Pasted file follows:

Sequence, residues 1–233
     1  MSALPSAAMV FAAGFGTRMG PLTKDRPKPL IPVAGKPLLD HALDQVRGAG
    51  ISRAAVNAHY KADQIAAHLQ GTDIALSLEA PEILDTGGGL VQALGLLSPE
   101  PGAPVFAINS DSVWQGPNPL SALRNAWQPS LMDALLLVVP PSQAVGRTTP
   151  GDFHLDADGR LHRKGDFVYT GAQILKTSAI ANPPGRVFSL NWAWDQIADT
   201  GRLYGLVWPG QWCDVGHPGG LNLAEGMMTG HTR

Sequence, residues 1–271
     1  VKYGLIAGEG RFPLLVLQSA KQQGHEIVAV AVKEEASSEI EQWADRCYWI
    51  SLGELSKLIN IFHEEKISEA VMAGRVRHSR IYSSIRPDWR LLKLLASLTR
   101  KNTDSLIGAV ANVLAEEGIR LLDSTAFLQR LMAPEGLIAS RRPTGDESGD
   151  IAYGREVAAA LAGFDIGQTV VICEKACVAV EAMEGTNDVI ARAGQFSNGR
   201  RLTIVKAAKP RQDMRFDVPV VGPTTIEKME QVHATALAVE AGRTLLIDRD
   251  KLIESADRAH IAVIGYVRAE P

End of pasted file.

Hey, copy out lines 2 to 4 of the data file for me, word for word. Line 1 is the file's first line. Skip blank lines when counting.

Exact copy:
     1  MSALPSAAMV FAAGFGTRMG PLTKDRPKPL IPVAGKPLLD HALDQVRGAG
    51  ISRAAVNAHY KADQIAAHLQ GTDIALSLEA PEILDTGGGL VQALGLLSPE
   101  PGAPVFAINS DSVWQGPNPL SALRNAWQPS LMDALLLVVP PSQAVGRTTP